Why eat breakfast?
I would like to know the importance of breakfast. Why do we have to have breakfast?
Dear Breakfast Boycotter,
From catchy cereal commercials to scientific studies, the popular narrative has been that breakfast is the most critical meal of the day. However, researchers and others working in the field of nutrition have recently reexamined the role of this morning meal. To answer your question, you don’t have to have breakfast. While it’s true that it can help boost energy, improve concentration, and burn calories, it isn’t for everyone. When it comes to having breakfast, you may find it useful to follow your stomach. If you’re hungry, eat! If not, you may want to pack some snacks to nibble on to make up for the nutrients you’d consume. If you’re still not sure if breakfast is for you, you might consider speaking with your health care provider or a dietitian to determine a meal plan that’s right for you. Keep reading for more breakfast knowledge for you to chew on!
To start, it might be helpful to understand some benefits of eating breakfast. The word “breakfast” comes from the action itself — breaking your fast (a period of not eating), which usually happens after eight to ten hours of not eating (probably because you’re sleeping). When you eat, your body takes some of the glucose it receives and turns it into glycogen to be used during periods of fasting. Eating breakfast helps replenish those glucose levels, which can boost energy and improve metabolism. This is also why eating it is recommended for those with type II diabetes — it helps keep blood glucose levels stable. Those who don’t eat shortly after waking may feel more sluggish in the morning, have difficulty getting enough nutrients from their diet, or have trouble concentrating.
Keeping those benefits in mind, it’s worth noting that they’re based on observational studies, meaning it’s not clear whether eating breakfast caused these improvements. That being said, eating breakfast may not be a good choice for some people. Skipping it and eating when hungry may help you better listen to your body and improve your relationship with food. There is even some research that suggests that skipping breakfast may give your cells time to filter out debris and other waste products, which in turn may help with anti-aging interventions.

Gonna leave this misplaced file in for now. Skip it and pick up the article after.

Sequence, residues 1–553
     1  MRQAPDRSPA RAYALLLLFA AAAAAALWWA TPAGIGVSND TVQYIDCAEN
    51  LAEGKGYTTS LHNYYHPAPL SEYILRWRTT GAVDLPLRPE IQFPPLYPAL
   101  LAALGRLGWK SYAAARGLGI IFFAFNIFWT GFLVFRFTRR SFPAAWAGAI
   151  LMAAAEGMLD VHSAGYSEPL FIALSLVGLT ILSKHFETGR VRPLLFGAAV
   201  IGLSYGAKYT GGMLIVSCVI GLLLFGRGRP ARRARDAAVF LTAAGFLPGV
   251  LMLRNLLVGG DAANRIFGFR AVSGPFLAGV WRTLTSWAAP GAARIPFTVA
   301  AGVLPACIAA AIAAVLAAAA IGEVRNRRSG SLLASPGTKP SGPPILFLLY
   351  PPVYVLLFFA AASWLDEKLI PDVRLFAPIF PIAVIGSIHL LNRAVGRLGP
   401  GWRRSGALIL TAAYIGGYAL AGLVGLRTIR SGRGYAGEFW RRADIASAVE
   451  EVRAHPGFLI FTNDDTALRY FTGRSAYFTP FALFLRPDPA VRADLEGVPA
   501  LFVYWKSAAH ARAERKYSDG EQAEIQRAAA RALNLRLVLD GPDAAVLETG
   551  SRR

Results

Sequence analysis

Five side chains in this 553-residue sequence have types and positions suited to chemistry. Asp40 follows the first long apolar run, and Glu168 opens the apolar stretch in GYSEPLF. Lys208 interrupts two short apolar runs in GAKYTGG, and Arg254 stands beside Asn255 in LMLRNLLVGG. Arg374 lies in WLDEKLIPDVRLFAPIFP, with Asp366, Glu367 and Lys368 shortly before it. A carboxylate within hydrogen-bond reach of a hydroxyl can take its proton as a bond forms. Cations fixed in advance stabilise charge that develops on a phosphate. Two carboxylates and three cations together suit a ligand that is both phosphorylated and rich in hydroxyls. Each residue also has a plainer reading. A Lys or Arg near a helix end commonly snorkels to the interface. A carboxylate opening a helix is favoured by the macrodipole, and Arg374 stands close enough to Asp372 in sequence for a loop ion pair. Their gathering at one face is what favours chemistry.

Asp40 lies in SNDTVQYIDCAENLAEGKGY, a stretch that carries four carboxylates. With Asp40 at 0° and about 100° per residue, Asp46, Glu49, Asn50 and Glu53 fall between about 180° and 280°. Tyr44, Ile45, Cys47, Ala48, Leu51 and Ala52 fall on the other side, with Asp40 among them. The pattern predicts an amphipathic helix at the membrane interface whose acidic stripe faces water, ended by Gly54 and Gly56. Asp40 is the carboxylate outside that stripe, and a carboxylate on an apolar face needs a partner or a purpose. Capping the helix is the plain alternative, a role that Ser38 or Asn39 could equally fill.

There are some schools of thought, such as intermittent fasting, that recommend skipping breakfast. This program calls for individuals to limit the time period in which they eat — such as within an eight-hour window. Although research indicates that this program may provide effects such as improved memory, better heart health, and weight reduction, it’s recommended that you speak with your health care provider, dietitian, or other nutritional health specialist before changing your diet. Going too long without eating can have serious adverse health effects for some. In fact, this plan generally isn’t recommended for children under the age of 18, pregnant or breastfeeding people, or people with a history of eating disorders.
When it comes to eating breakfast, it seems the best thing you can do is listen to your body. If you’re hungry in the morning, you may find it helpful to have something to refuel your body. If eating shortly after waking up doesn’t work for you, you could consider holding off until you’re truly hungry. While there are a lot of benefits of eating breakfast, it may not work for everyone. If you’re still not sold one way or the other, here are some nutrient-dense snacks you can try out in the morning or whenever you’re ready to break your fast:
- High-fiber cereal with fruit and low-fat milk or a milk substitute
- Protein shake with fresh fruit and vegetables
- High-fiber toast or bagel with nut butter
- Protein bar with yogurt
- Greek yogurt with fresh fruit
- Oatmeal with fresh berries and seeds
- Omelet with vegetables of your choice
Whether you want to continue boycotting breakfast, the choice is yours. There are reasons for both eating and skipping breakfast — you may find it helpful to listen to what your body is telling you in the morning. Before making any drastic dietary changes, it’s wise to consider speaking to a health care provider or dietitian to determine what your body needs. For additional information about various types of eating patterns, check out the Go Ask Alice! Nutrition & Physical Activity archives.
Good luck with breaking your fast!
Originally published Apr 16, 1999
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